Convention for the Protection of Human Rights and Fundamental Freedoms

From Criminal Defense Wiki
Jump to: navigation, search

Adopted by the Council of Europe on November 4, 1950. Entered into force on September 3, 1953. The following extracts of the European Convention reflect the text as amended by Protocols No. 11 and 14.

Relevant Provisions of the European Convention of Human Rights and Fundamental Freedoms

Article 2: Right to life

1. Everyone's right to life shall be protected by law. No one shall be deprived of his life intentionally save in the execution of a sentence of a court following his conviction of a crime for which this penalty is provided by law.

2. Deprivation of life shall not be regarded as inflicted in contravention of this article when it results from the use of force which is no more than absolutely necessary:

a. in defence of any person from unlawful violence;

b. in order to effect a lawful arrest or to prevent the escape of a person lawfully detained;

c. in action lawfully taken for the purpose of quelling a riot or insurrection.

Article 3: Prohibition of torture

No one shall be subjected to torture or to inhuman or degrading treatment or punishment.

Article 5: Right to liberty and security

1. Everyone has the right to liberty and security of person. No one shall be deprived of his liberty save in the following cases and in accordance with a procedure prescribed by law:

a. the lawful detention of a person after conviction by a competent court;

b. the lawful arrest or detention of a person for non compliance with the lawful order of a court or in order to secure the fulfilment of any obligation prescribed by law;

c. the lawful arrest or detention of a person effected for the purpose of bringing him before the competent legal authority on reasonable suspicion of having committed an offence or when it is reasonably considered necessary to prevent his committing an offence or fleeing after having done so;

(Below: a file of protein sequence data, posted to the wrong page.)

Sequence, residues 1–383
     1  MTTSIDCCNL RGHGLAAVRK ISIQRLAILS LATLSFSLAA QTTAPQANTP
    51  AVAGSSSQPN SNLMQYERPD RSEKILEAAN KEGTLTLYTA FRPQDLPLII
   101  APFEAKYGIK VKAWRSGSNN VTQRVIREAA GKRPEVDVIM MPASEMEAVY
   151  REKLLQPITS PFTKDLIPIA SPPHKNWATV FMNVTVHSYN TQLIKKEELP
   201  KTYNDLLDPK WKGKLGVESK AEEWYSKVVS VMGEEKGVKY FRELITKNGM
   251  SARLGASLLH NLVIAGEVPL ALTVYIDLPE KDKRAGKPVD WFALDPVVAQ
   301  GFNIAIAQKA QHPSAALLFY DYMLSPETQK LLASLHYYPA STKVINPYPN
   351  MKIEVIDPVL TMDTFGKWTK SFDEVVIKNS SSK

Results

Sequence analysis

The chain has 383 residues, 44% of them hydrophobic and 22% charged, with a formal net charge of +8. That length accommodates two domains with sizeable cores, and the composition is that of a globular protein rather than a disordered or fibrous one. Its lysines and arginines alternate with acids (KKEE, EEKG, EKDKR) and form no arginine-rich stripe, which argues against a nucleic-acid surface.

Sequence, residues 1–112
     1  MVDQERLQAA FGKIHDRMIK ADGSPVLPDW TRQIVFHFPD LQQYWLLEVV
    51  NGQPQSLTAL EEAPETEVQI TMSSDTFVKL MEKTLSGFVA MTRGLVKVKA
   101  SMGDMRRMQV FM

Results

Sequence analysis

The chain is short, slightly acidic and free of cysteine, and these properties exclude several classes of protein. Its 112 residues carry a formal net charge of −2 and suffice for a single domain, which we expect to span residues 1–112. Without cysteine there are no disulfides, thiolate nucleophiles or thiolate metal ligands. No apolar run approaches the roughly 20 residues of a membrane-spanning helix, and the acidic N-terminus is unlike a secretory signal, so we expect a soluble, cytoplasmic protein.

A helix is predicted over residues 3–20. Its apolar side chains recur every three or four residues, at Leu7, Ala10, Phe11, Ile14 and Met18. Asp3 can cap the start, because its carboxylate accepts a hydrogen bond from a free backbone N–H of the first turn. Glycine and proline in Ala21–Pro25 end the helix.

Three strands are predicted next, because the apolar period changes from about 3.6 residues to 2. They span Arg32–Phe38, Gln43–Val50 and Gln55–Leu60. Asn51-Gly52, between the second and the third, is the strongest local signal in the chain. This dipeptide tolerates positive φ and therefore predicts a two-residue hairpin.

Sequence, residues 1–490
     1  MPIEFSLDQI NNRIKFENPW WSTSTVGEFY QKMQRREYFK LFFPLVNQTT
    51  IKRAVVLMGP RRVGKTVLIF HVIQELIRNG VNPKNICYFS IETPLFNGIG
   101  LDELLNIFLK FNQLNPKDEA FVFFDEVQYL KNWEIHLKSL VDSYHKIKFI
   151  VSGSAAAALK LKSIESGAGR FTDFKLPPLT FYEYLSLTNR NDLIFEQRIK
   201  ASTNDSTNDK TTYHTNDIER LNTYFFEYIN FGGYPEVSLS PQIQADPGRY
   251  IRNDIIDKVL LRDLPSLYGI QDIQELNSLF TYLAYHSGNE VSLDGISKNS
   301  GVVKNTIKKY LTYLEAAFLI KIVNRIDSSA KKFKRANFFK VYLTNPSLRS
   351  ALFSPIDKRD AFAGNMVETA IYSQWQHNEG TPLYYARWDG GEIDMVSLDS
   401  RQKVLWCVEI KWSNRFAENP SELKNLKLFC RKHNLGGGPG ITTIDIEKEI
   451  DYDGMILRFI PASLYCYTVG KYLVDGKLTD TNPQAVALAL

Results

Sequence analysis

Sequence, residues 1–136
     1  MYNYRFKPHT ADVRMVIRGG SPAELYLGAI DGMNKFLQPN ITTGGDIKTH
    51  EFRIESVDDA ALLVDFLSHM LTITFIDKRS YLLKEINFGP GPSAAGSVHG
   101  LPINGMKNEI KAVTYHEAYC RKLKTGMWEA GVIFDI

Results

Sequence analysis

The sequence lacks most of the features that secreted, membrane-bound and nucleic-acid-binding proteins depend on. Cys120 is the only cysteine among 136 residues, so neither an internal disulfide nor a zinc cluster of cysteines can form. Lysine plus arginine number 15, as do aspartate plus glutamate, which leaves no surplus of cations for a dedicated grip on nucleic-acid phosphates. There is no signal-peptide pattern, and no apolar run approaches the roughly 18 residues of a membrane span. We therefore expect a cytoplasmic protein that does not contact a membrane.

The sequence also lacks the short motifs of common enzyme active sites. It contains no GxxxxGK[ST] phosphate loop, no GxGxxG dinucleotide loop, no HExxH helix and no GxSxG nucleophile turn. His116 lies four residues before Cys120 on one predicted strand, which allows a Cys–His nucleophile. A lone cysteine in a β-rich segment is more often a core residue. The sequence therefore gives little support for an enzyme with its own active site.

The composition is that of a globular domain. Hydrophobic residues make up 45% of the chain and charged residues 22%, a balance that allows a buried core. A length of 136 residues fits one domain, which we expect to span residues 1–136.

d. the detention of a minor by lawful order for the purpose of educational supervision or his lawful detention for the purpose of bringing him before the competent legal authority;

e. the lawful detention of persons for the prevention of the spreading of infectious diseases, of persons of unsound mind, alcoholics or drug addicts or vagrants;

f. the lawful arrest or detention of a person to prevent his effecting an unauthorised entry into the country or of a person against whom action is being taken with a view to deportation or extradition.

2. Everyone who is arrested shall be informed promptly, in a language which he understands, of the reasons for his arrest and of any charge against him.

3. Everyone arrested or detained in accordance with the provisions of paragraph 1.c of this article shall be brought promptly before a judge or other officer authorised by law to exercise judicial power and shall be entitled to trial within a reasonable time or to release pending trial. Release may be conditioned by guarantees to appear for trial.

4. Everyone who is deprived of his liberty by arrest or detention shall be entitled to take proceedings by which the lawfulness of his detention shall be decided speedily by a court and his release ordered if the detention is not lawful.

5. Everyone who has been the victim of arrest or detention in contravention of the provisions of this article shall have an enforceable right to compensation.

Article 6: Right to a fair trial

1. In the determination of his civil rights and obligations or of any criminal charge against him, everyone is entitled to a fair and public hearing within a reasonable time by an independent and impartial tribunal established by law. Judgment shall be pronounced publicly but the press and public may be excluded from all or part of the trial in the interests of morals, public order or national security in a democratic society, where the interests of juveniles or the protection of the private life of the parties so require, or to the extent strictly necessary in the opinion of the court in special circumstances where publicity would prejudice the interests of justice.